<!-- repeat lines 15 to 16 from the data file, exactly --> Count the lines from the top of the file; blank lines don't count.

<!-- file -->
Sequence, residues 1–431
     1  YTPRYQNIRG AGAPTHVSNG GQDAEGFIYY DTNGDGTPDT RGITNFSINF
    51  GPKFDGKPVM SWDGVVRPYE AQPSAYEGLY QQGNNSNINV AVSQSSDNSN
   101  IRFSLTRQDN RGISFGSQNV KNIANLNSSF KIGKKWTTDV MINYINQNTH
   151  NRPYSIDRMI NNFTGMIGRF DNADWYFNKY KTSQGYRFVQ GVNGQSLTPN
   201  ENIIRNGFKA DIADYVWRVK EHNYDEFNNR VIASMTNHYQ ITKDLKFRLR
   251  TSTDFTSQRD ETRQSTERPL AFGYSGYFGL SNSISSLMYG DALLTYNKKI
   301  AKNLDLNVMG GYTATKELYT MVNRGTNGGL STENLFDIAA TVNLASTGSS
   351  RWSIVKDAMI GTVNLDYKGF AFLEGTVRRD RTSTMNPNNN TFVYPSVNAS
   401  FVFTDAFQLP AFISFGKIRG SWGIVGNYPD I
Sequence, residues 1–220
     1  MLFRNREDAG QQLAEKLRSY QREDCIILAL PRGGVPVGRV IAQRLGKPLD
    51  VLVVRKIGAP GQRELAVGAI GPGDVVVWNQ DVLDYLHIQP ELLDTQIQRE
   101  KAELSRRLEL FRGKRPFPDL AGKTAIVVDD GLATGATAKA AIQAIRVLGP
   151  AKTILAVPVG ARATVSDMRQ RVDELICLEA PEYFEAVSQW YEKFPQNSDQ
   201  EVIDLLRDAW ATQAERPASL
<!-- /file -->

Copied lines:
   151  AKTILAVPVG ARATVSDMRQ RVDELICLEA PEYFEAVSQW YEKFPQNSDQ
   201  EVIDLLRDAW ATQAERPASL